|As we were coming in to North Carolina noticed lots of fields with cotton. We talked that if we needed to, could stop and apply for job and work a while as we have experience. As we went on saw they no longer were using people to do the picking, using cotton picking machines. Oh well, guess we couldn't have done it any way.
Today, 10/24, we went to Averasoboro Battlefield, next to the last battle to end Civil War, and to Bentonville, which was the last one here. Had museum at both and the guides were really good. The battlefield themselves wasn't much to it, had signs that told about what happened there but no monuments. Guess being losers they didn't do as much. The guides at Averasoboro Museum was a retired History teacher. She was very good in her facts and knew how to keep you interested. She said they are the only battlefield that has the original houses used as field hospitals. Unfortunately, they were not opened today, said they were usually when there was a special event but didn't sound like it was very often,. Each had their own interesting points and thought Bentonville was the best.
Bentonville had the Harper House that was used as a field hospital, had an outdoor kitchen set up and had redone a house to appear as a slave cabin. Not an original building but it had been a barn at one time in the early 1900s. But they wanted to have one to show as it might have been set up. On the grounds they had a tree that was one of the trees from the Civil War, others had been damaged or knocked down by hurricanes that come thru the area. Also, had a walnut tree there that had almost no leaves and few branches but lots of walnuts. You could see them on the tree. The guide said that last year it had one walnut and that was all. Decided that it was giving it's all in case it is it's last year. LOL The Harper house had people living in it up to the 1950s and had been mondernized but when the state took it over, they removed the modern stuff and put it back to what it would have been in the 1860s. The furnishings were reproductions to look as though in 1860s. Said since households had changed many times, the original furniture changed also. Still you could picture the era.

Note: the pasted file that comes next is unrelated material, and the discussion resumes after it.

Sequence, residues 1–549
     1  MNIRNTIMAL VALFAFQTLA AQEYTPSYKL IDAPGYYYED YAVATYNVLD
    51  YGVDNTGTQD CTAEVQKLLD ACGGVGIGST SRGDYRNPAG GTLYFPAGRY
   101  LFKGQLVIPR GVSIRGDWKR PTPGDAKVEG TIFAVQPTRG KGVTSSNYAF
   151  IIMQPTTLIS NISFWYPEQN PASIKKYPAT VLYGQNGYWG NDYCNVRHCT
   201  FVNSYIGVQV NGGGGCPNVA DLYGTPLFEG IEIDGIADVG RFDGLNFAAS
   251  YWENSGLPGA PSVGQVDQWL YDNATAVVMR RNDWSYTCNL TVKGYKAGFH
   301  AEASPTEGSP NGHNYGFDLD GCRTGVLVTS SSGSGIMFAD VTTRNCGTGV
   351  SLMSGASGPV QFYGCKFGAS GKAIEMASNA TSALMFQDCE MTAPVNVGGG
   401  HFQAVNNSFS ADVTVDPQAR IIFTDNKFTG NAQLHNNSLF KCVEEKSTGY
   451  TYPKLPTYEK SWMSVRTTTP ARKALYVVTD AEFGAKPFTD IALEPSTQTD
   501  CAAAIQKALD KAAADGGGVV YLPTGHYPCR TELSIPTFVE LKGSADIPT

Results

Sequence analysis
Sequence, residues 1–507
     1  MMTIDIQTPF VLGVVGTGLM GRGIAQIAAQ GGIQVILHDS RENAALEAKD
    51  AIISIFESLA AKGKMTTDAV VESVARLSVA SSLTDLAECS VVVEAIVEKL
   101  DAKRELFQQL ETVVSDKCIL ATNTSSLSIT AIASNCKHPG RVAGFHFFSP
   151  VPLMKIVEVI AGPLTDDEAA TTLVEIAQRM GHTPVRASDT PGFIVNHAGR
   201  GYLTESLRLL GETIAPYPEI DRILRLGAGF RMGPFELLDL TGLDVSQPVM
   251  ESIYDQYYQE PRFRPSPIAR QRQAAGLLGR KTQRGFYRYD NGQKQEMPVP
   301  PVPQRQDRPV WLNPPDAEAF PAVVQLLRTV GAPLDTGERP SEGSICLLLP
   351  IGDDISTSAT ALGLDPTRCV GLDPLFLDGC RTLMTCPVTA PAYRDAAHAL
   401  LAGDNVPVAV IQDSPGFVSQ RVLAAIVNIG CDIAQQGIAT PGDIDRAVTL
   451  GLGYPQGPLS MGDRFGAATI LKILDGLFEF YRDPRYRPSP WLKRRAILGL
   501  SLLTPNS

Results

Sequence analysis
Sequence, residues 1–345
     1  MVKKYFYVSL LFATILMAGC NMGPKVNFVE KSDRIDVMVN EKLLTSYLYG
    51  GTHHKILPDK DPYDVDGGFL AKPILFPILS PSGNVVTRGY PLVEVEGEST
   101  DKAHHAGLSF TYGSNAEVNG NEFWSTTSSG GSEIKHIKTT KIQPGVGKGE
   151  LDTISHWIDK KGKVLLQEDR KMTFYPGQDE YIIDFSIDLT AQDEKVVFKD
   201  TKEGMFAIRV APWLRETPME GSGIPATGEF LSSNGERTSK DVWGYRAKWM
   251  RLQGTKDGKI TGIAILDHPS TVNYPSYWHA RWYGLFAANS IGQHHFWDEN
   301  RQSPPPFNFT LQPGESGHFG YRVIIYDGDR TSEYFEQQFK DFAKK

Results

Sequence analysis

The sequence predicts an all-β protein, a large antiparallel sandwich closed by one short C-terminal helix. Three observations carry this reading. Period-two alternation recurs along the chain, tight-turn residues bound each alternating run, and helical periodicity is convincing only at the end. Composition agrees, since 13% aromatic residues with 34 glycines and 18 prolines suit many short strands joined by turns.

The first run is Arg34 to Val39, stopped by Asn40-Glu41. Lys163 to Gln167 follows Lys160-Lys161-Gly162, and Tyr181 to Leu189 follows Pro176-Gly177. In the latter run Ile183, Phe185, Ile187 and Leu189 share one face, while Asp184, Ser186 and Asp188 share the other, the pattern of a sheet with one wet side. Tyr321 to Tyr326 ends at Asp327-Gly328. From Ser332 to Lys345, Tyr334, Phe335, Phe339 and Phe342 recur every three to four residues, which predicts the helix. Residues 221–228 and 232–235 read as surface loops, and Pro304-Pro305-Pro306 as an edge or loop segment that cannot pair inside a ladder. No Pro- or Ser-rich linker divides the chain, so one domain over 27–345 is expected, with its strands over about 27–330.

On the drive we saw a couple of fields that had stalks standing with no leaves or anything other than the stalk. Couldn't figure what it was. Asked the guide at Bentonville and he said it was tobacco plants. The one in the pictures was just down the road. At the very top of some of the plants were the prettiest purple blooms. So guess they must be going to reproduce again but with weather changing, makes you wonder. The tobacco business has really taken a down turn here and so has cotton, he told us that now the main things are pigs and turkeys. Guess that's better for you than tobacco.